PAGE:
Friday, February 27, 2009


In the past, I have given candy to the students who brought their homework as a way to reward and to motivate them. I tell them that I can’t bring candy every time, but they should always remember to do their homework, because they’ll never know when I have candy to give out to the good students.

The other day, they asked me to bring them candy if they did their homework this time. (I’ve noticed that the kids here are a bit selfish/piggish/greedy when it comes to candy.) I reminded them I couldn’t bring it every time, and some of them started whining that they wanted me to bring them candy.

“You guys! I’m so poor. I’m a volunteer here. Do you know what a volunteer is? It’s someone who does work to help people, without getting paid. The rest of the teachers are paid each month and have money, but not me. I spent all the money I had on a plane ticket to come here, so now I only have a very little bit of money. When I buy candy for you, that means that I can’t buy something for myself. So I’ll buy candy when I can, but I can’t bring it every time.”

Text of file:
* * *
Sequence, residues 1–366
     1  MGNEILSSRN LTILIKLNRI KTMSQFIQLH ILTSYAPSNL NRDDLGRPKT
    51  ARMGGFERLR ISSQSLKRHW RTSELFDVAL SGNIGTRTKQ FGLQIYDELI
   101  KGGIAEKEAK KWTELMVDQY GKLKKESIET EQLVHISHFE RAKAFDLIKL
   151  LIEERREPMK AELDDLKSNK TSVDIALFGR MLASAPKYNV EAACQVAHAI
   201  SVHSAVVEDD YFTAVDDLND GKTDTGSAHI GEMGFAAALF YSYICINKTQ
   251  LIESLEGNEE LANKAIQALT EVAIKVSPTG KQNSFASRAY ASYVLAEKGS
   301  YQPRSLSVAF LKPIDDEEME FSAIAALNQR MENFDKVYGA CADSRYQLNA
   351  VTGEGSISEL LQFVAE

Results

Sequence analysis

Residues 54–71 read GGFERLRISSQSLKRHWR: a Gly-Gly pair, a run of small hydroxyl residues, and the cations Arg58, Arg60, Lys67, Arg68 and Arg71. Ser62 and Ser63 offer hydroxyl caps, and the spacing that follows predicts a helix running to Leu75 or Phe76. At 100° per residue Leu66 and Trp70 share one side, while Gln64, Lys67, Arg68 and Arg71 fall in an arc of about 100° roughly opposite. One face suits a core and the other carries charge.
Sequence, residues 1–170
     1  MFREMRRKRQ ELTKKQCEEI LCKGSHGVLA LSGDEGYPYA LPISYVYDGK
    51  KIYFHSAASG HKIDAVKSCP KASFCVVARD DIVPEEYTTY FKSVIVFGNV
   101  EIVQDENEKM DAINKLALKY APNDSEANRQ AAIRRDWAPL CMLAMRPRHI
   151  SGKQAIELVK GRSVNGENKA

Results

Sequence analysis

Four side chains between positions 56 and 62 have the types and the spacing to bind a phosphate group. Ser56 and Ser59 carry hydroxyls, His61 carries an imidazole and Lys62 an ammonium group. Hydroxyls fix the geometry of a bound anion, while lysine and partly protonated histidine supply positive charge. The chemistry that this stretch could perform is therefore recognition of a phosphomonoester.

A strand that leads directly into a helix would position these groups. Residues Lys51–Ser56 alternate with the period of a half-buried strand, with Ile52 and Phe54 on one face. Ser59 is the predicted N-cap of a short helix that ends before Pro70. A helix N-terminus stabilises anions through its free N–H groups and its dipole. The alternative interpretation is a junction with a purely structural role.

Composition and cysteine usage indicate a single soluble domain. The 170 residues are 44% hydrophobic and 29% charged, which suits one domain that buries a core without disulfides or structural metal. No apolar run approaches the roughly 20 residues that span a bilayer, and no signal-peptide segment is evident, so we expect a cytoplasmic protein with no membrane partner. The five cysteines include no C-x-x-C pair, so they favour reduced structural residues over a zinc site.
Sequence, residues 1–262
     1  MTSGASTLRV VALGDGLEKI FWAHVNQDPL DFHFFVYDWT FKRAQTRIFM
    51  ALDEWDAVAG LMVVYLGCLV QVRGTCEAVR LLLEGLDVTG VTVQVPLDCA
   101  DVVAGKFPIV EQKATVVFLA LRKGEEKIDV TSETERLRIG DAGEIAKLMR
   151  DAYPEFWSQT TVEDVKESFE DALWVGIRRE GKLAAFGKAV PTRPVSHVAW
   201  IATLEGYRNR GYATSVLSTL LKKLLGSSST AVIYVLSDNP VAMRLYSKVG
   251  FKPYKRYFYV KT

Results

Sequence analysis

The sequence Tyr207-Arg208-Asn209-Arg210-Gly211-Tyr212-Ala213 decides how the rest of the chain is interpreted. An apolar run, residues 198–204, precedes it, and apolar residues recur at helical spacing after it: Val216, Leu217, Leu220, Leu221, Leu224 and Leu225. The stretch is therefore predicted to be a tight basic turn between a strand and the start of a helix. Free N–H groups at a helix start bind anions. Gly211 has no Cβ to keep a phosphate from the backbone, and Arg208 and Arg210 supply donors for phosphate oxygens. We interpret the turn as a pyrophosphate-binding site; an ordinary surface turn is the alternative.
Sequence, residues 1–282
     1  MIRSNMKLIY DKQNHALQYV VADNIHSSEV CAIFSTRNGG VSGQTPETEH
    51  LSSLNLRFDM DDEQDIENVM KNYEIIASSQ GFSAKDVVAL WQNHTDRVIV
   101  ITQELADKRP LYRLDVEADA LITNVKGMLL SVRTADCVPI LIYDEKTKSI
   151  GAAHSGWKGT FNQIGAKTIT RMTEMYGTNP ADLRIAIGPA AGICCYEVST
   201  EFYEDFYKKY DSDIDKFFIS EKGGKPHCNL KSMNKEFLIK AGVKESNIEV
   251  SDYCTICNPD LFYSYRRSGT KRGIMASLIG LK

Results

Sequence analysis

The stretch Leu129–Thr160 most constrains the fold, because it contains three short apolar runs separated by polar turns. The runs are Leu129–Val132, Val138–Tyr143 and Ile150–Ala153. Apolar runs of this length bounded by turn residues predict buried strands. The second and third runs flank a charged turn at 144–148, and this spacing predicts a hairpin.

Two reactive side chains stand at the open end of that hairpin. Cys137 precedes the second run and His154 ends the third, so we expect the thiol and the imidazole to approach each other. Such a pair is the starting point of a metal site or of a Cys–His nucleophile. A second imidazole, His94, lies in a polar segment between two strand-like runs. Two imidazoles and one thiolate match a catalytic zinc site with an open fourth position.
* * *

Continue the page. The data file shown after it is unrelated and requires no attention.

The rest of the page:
I only told them this so they wouldn’t selfishly expect candy every time and so that hopefully they would better appreciate the candy that I did bring them.

This morning, little Brian came to where I was sitting at my desk, saying he wanted to give me something in secret. He slipped something into my hand and pushed my fingers over it. I peeked inside, and saw a one cedi note and a few ten pesewa coins.

“What is this for? Do you want me to hold this for you?” I asked.

“No, it’s for you! It’s for you to have,” he said.


“Because you said you’re poor. I want you to have some money,” he said.

“Oh, Brian! You really don’t have to. Here, take it back,” I said, but he refused to take it back. I asked him where he got the money, and apparently it’s from his own nine-year-old savings. He absolutely insisted that I keep it.

“Brian, that is so sweet of you!” I said, quite touched by his generosity. “Thank you so much! I’ll use it to buy candy for the class sometimes.”

So, while it’s true that I don’t have tons of money, somehow, with the GH¢1.40 in my purse, such a thoughtful gift from a loving, giving, unselfish student, I feel very rich right now. :)

1 comment:

DeeDee said...

What a sweet story!